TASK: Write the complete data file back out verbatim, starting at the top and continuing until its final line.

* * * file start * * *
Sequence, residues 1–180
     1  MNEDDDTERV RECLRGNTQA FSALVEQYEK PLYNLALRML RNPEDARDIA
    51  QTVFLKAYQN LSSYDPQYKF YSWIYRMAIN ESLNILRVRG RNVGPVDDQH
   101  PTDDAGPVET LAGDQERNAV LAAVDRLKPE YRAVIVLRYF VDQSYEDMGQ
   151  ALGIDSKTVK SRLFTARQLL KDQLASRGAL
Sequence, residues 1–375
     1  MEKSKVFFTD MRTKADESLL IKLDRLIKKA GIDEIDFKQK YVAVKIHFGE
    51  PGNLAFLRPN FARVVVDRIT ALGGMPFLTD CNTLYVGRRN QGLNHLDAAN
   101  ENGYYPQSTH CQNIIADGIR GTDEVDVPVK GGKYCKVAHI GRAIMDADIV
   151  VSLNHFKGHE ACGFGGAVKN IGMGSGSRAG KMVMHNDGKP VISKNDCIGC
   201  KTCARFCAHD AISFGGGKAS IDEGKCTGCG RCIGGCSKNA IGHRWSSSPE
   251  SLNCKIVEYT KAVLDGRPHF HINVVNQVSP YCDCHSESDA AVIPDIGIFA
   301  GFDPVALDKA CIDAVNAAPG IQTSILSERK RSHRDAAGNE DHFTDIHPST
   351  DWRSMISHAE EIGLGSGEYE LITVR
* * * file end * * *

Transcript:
Sequence, residues 1–180
     1  MNEDDDTERV RECLRGNTQA FSALVEQYEK PLYNLALRML RNPEDARDIA
    51  QTVFLKAYQN LSSYDPQYKF YSWIYRMAIN ESLNILRVRG RNVGPVDDQH
   101  PTDDAGPVET LAGDQERNAV LAAVDRLKPE YRAVIVLRYF VDQSYEDMGQ
   151  ALGIDSKTVK SRLFTARQLL KDQLASRGAL
Sequence, residues 1–375
     1  MEKSKVFFTD MRTKADESLL IKLDRLIKKA GIDEIDFKQK YVAVKIHFGE
    51  PGNLAFLRPN FARVVVDRIT ALGGMPFLTD CNTLYVGRRN QGLNHLDAAN
   101  ENGYYPQSTH CQNIIADGIR GTDEVDVPVK GGKYCKVAHI GRAIMDADIV
   151  VSLNHFKGHE ACGFGGAVKN IGMGSGSRAG KMVMHNDGKP VISKNDCIGC
   201  KTCARFCAHD AISFGGGKAS IDEGKCTGCG RCIGGCSKNA IGHRWSSSPE
   251  SLNCKIVEYT KAVLDGRPHF HINVVNQVSP YCDCHSESDA AVIPDIGIFA
   301  GFDPVALDKA CIDAVNAAPG IQTSILSERK RSHRDAAGNE DHFTDIHPST
   351  DWRSMISHAE EIGLGSGEYE LITVR